Yes, just like in any business, for me as a farmer, cashflow is number one on my farm. With the Wheat Board, cashflow is impossible. You get a price at the beginning of the year and you're not sure that's going stay. It could drop. It could go up. It could do whatever. You don't know how much you're going to be able to haul in. It could be 50%, could be 75%. And then once you do haul that in, you don't get paid for up to 18 months, when your bills are due in maybe three months.

I can give you a perfect example. My younger brother came back to the farm for the first time this year. He's got some land. He could not put wheat in. It's an absolute impossibility for him because he has bills due in November. He doesn't know when he'll be able to deliver his grain and how much he's going to get for it, and when he does that, his cheque won't come for up to 18 months from now. I don't know how anybody can run a business that way, especially a young farmer.

8:40 p.m.

Deputy Minister, Department of Agriculture and Agri-Food

John Knubley

Gordon, did you want to add?

8:40 p.m.

Chief Executive Officer, Pulse Canada

Gordon Bacon

I think that the committee looked at the issues related to the change in the marketing system, and we had two things we were taking a lot of time to think about. One was how Canada can be seen as a reliable supplier to customers around the world, and secondly, how we can maximize return to farmers. We had to look at how we can optimize efficiency through the entire system and make improvements along the way. I think what we've really talked about as a committee is a competitive, market-driven system that will ensure that we are serving both ends: farmers, by optimizing their returns from all crops and the movement of all crops, and to also be seen as a reliable supplier to customers around the world.

8:40 p.m.

Conservative

Bob Zimmer Prince George—Peace River, BC

Mr. MacKay.

8:40 p.m.

Commissioner, Canadian Grain Commission

Murdoch MacKay

It's interesting—there was one young farmer on the phone, and I remember this because he said, “Listen, you guys, whatever you're going to do, let's get on with it, because I've just finished harvesting my winter wheat crop. Now I want to make some plans for what to put in next year, and I want to forward-price this contract. Let's get this thing going so that today I know how to plan for next year, and not have to wait six to eight months to know what the initial price might be.” His view is that he can plan his life and have a better viewpoint six to eight months sooner, and be looking at things a year down the road. That's the one farmer that really struck it home with me about the future for him.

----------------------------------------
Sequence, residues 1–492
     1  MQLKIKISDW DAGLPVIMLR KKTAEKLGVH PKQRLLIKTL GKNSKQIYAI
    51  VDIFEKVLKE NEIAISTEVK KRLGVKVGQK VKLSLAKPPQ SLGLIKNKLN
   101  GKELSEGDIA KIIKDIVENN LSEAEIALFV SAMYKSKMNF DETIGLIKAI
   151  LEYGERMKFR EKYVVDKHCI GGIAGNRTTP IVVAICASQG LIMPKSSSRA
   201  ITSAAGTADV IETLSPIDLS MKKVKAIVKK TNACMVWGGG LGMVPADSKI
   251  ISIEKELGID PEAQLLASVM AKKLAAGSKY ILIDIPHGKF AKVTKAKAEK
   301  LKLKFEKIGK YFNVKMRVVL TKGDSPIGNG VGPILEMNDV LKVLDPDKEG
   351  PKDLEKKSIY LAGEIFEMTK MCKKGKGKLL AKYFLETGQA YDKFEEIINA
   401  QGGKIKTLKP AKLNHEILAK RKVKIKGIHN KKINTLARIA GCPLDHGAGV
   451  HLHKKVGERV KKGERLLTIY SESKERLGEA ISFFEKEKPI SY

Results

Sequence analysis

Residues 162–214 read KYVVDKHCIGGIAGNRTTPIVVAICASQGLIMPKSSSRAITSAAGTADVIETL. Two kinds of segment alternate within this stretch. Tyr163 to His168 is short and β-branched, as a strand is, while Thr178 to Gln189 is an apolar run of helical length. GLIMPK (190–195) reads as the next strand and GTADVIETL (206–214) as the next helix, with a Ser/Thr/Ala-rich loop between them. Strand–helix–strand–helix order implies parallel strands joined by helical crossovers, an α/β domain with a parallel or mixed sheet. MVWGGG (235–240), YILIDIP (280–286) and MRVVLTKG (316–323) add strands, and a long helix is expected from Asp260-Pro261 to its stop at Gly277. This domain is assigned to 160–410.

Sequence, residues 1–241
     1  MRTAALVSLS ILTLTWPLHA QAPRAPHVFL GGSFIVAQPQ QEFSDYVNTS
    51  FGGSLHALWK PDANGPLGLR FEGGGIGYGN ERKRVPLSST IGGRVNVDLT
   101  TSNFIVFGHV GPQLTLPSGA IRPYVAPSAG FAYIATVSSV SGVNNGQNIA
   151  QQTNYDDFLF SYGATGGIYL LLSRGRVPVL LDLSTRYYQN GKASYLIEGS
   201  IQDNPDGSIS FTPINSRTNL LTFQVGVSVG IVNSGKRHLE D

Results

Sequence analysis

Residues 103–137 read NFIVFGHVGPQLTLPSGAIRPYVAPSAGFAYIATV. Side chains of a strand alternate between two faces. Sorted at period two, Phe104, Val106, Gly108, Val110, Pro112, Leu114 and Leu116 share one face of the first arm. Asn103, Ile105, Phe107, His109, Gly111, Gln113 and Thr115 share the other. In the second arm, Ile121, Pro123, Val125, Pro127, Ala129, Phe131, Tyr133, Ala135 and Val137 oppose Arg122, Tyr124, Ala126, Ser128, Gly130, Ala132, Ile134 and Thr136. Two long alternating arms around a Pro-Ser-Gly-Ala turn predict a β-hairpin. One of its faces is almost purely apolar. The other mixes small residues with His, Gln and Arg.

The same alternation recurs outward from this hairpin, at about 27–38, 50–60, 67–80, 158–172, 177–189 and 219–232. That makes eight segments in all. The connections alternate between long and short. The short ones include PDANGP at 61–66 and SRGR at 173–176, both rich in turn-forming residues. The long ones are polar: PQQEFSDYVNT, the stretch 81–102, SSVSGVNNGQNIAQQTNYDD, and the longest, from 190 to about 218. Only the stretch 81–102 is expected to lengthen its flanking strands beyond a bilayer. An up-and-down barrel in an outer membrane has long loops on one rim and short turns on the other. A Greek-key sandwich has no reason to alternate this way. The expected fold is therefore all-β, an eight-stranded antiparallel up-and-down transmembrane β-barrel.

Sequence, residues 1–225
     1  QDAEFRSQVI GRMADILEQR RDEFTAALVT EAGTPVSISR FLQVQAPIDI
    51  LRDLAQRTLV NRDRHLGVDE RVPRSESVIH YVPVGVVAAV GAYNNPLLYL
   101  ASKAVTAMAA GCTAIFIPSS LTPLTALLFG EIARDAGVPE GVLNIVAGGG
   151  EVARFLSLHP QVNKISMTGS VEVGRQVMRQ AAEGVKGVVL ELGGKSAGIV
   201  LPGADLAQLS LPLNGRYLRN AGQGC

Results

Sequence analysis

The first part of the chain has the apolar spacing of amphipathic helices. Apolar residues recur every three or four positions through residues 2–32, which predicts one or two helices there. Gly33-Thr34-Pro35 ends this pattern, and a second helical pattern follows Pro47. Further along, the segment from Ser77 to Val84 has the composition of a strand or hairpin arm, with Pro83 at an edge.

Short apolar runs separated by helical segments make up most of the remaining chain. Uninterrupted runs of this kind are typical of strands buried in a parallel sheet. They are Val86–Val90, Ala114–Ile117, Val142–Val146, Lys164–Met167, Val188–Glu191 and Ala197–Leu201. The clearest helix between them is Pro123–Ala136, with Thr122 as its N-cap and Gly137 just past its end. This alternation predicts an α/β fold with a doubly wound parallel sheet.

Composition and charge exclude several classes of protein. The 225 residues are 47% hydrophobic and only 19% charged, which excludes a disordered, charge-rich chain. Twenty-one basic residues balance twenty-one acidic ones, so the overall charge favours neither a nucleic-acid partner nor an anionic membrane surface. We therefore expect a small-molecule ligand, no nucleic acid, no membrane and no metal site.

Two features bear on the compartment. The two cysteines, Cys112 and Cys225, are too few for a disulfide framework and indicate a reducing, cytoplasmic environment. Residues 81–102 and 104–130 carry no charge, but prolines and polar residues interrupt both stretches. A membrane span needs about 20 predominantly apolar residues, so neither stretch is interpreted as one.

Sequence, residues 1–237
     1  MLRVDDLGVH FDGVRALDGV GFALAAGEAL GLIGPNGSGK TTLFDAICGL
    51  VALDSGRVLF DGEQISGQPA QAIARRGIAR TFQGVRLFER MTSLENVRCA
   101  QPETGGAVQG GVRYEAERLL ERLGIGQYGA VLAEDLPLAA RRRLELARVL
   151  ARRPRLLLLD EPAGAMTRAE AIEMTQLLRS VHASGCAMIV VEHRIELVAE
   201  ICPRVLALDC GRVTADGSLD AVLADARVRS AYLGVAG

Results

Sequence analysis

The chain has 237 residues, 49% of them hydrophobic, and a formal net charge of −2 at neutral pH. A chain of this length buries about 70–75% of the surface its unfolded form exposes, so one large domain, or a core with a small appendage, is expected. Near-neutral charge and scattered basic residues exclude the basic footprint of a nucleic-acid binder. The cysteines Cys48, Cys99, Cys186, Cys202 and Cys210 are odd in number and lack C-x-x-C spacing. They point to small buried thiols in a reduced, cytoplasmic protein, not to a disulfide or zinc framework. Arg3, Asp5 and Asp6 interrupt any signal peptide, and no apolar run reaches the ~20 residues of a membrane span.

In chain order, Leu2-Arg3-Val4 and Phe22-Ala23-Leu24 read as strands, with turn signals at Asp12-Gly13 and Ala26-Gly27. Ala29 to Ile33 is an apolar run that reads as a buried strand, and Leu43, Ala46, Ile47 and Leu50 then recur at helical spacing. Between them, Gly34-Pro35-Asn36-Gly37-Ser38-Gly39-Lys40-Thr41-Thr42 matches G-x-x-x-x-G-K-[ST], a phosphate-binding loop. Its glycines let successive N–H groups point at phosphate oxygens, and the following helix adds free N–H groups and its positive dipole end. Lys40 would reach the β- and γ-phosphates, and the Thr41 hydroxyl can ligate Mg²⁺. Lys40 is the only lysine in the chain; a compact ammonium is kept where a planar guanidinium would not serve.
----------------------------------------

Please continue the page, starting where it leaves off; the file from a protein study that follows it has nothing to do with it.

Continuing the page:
8:40 p.m.

Conservative

Bob Zimmer Prince George—Peace River, BC

Good to hear.

8:40 p.m.

Conservative

The Chair Blaine Calkins

Mr. Zimmer, your timing is impeccable—it has just expired.

Moving on, next on the speaker list is Mr. Rousseau, please.

8:40 p.m.

NDP

Jean Rousseau Compton—Stanstead, QC

Thank you very much.

My question mainly has to do with the new members of the Canadian Wheat Board who are going to be designated by the Minister of Agriculture. How can we make sure that sides won't be taken concerning the future of the Canadian Wheat Board, especially since the members will be the ones developing and submitting the plans to the Minister of Finance? They will be the ones approving the plans for borrowing procedures and the conduct of meetings. Ultimately, how can we make sure that sides won't be taken when all the members of the Canadian Wheat Board will be designated by the government?

8:40 p.m.

Assistant Deputy Minister, Strategic Policy Branch, Department of Agriculture and Agri-Food

Greg Meredith

Thank you for the question. I will answer it.

We anticipate that we will have very close ties with the new Canadian Wheat Board. We feel we won't have the same problems that we have right now with the directors of the Canadian Wheat Board. Over the next few years, I think the directors will focus on the success of the Canadian Wheat Board and they won't want to be in conflict with the government. We especially anticipate that there will be a very close co-operative relationship between the government and the Canadian Wheat Board.

8:40 p.m.

NDP

Jean Rousseau Compton—Stanstead, QC

I have another question for you. Do you have a transition plan for the directors who will be losing their jobs and for their team members?